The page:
Missing Estate Heirs and Beneficiaries

The subject of in absentia heirs of an estate is a difficult one. When family members or other named beneficiaries are contacted when an estate comes into effect at the end of the owner’s life, there is sometime a conundrum of one or “missing” parties. If a person is missing due to lack of contact information, or more serious reason, estate distribution of assets to beneficiaries and heirs may be delayed until the party is located. Sometimes missing persons are located by due diligence investigation prior to an estate matter going to probate court review. Planning giving records and charitable giving records of parties listed in a third-party estate matter are held by private businesses and nonprofits are an alternate source of information that can assist in the process if summoned by the courts.

The Case of a Missing Heir

There are federal and state procedural rules for court appearance in absentia. Example is court record of estate claims pursuant to New York Consolidated Laws, Estates, Powers and Trusts Law – EPT § 2-1.7(a)(b)(c) Presumption of death from absence;  effect of exposure to specific peril, applying to circumstances where an heir or beneficiary is absent. The statute of limitations for continuance of estate matters involving missing parties is a period of three consecutive years in New York and varies by state.

During the statute of limitations period, the representing attorney has the duty to search for the missing party. After the limitation period, probable date of death is satisfactory explanation for the court. In some states like New York, the law provides that if the missing person was exposed to peril of death before the end of the statutory period, early termination of the search may be allowed. However, if the party is later found to be living post the three-year investigation, a motion to nullify a court issued death certificate is required. In New York, the three-year statute of limitations requirement does not apply to any other circumstance other than deceased in absentia.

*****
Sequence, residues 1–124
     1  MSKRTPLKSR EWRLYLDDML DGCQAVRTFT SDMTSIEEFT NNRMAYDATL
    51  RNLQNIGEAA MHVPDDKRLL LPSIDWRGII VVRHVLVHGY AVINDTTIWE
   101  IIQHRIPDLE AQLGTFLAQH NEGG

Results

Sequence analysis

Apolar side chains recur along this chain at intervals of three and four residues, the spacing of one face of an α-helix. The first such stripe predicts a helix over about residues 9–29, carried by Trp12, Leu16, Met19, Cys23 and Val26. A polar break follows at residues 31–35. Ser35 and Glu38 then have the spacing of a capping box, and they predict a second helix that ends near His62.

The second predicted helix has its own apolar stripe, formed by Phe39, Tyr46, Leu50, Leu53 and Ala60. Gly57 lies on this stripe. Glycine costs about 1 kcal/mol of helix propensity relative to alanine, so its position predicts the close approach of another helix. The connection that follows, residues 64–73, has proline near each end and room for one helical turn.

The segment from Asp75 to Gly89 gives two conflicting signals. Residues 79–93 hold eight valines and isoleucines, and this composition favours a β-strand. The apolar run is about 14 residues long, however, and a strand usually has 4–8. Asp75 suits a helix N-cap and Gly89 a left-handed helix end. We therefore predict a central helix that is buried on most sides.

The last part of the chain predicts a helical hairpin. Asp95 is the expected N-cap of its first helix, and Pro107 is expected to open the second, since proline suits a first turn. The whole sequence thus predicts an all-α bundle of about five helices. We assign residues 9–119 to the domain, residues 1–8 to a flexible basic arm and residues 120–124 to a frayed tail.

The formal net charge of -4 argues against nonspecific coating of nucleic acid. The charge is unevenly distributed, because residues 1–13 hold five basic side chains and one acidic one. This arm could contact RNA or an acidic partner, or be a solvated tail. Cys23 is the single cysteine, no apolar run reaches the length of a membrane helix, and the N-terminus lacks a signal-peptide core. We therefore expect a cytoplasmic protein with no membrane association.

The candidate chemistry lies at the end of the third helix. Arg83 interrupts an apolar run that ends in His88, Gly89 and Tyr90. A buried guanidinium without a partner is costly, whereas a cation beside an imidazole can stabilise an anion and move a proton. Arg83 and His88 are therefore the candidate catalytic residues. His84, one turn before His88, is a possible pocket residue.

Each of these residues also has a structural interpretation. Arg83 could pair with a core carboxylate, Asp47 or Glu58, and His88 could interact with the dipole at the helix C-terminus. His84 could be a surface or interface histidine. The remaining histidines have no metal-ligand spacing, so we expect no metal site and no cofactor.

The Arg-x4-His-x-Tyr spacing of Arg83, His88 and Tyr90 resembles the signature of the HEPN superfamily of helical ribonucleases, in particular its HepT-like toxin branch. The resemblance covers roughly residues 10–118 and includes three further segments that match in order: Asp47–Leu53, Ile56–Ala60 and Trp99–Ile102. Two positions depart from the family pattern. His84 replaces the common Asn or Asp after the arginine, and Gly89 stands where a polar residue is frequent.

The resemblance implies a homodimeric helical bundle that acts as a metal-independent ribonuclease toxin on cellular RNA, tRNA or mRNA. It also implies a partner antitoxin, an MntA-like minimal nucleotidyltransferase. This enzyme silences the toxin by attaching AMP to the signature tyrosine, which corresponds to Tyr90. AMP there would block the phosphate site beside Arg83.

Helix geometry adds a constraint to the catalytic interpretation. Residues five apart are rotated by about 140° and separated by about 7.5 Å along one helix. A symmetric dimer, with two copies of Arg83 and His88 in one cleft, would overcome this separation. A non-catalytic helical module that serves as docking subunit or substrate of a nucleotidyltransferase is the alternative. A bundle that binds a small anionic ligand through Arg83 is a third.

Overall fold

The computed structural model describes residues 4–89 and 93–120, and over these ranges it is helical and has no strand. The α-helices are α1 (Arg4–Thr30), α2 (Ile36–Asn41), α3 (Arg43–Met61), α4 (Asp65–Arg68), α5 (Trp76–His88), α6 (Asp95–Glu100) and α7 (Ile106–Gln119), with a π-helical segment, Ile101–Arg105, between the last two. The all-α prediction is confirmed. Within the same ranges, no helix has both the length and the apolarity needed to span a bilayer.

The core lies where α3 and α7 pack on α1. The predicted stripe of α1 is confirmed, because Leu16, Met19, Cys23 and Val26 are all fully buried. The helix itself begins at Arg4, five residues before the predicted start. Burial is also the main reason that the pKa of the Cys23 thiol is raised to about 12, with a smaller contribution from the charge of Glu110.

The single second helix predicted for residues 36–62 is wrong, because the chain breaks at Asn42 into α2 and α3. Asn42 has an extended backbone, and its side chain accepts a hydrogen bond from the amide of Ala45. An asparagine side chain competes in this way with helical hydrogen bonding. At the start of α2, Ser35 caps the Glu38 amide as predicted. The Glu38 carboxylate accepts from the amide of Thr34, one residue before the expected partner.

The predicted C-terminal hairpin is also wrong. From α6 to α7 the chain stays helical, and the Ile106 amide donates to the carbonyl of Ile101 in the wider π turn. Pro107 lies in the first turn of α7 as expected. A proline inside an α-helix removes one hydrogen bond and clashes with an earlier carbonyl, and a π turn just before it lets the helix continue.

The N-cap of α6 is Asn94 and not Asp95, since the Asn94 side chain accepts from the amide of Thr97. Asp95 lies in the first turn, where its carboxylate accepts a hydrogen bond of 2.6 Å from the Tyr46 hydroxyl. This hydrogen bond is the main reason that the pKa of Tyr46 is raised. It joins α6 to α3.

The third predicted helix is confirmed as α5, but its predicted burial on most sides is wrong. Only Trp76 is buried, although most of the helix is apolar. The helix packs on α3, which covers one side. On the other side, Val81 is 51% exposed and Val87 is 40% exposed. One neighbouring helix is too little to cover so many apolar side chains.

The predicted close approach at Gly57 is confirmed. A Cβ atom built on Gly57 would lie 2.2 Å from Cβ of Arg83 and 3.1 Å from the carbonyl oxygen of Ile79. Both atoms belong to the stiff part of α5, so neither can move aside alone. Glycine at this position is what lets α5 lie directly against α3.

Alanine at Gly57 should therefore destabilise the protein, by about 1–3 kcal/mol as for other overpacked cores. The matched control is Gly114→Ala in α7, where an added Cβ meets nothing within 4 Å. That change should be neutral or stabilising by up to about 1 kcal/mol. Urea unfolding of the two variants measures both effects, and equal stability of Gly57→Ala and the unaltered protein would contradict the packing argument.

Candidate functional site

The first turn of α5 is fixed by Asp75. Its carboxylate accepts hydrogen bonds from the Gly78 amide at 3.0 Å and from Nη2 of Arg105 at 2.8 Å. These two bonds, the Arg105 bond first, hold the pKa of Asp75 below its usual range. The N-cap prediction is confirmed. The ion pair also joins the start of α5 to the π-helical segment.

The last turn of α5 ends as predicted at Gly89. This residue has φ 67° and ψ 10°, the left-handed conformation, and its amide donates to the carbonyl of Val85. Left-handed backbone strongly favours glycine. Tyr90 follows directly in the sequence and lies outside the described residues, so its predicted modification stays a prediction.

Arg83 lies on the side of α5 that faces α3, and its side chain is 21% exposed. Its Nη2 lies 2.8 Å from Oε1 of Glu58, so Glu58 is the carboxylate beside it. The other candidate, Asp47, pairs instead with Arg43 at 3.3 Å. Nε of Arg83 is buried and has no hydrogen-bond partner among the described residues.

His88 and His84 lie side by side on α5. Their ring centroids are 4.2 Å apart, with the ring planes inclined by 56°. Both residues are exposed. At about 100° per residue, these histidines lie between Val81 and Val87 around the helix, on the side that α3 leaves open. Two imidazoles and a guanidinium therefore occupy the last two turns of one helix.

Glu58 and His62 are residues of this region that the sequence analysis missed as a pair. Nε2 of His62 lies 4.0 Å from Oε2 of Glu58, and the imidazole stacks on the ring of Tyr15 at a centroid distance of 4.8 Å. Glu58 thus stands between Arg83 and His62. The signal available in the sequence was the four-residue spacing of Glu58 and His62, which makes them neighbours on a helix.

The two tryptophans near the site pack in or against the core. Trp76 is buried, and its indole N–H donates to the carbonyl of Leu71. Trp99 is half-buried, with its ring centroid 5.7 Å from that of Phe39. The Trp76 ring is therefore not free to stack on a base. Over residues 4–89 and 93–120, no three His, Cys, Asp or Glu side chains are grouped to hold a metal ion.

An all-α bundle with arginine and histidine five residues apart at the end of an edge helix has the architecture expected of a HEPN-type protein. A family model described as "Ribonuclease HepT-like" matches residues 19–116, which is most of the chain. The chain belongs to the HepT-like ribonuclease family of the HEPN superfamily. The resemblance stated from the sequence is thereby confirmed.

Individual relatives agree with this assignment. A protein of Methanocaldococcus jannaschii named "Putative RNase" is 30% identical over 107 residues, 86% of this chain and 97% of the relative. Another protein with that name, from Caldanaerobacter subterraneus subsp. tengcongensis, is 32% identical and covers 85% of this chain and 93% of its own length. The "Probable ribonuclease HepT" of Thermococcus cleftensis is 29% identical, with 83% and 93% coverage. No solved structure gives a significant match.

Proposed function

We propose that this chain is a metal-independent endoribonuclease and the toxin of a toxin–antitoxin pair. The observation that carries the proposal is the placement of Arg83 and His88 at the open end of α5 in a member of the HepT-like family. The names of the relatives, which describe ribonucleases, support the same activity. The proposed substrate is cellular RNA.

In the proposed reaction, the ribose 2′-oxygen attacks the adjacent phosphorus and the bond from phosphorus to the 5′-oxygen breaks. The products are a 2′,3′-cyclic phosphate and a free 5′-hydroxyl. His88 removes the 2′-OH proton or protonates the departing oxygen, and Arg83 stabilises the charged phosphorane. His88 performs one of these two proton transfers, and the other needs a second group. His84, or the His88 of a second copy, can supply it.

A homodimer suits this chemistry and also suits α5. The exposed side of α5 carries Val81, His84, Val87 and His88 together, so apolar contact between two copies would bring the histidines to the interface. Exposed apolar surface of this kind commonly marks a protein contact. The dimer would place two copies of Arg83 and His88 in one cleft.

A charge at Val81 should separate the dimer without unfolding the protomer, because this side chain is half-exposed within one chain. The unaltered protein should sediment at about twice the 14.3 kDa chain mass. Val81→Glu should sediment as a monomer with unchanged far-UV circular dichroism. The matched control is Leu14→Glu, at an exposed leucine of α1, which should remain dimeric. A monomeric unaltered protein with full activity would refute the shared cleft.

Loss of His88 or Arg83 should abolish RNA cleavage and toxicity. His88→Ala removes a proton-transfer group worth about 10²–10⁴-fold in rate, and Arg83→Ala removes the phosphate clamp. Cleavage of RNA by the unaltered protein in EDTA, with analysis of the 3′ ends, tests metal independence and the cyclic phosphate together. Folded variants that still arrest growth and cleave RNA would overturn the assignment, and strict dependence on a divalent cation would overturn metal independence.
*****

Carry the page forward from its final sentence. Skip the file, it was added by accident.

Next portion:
Due Diligence Investigations

Probate courts have a sizeable record of estate matters concerning in absentia parties. Estate planners acknowledge, educating clients on the risks of in absentia beneficiaries is one of main challenges of establishing the proper foundations of an estate and its trust.

Sufficient notice by an attorney involves “reasonable steps” to contact an heir or beneficiary of an estate client via the standard due process measures. A licensed attorney can also motion for continuance of an estate matter whilst public records searches and private investigation is underway. In circumstances where a client is not located by way of standard due diligence investigation over a reasonable period, an attorney may be required to withdraw from representation, and the case will proceed with probate court determination.

Estate Laws of Intestacy

Federal and state rules of estate include intestate succession provisions guiding probate court proceedings. Laws of intestacy dictate rules of property asset distribution along the lines of family relation. The rights of “missing” relatives with illegal alien status in the United States, or the rights of posthumous relatives conceived, yet born a decedent’s death, are example. These in absentia family members are accorded the same rights to estate assets as other relatives by probate courts under the law. If heirs and named beneficiaries have not been located (i.e., “missing”) at the time an estate becomes effective at the end of a decedent’s life, most state laws allow for the court to “escheat” property and other assets to state coffers.

Estate, trust, and will documents drafted with location identifying information that can be updated to expedite asset distribution and avoid delay of service of summons in the future.

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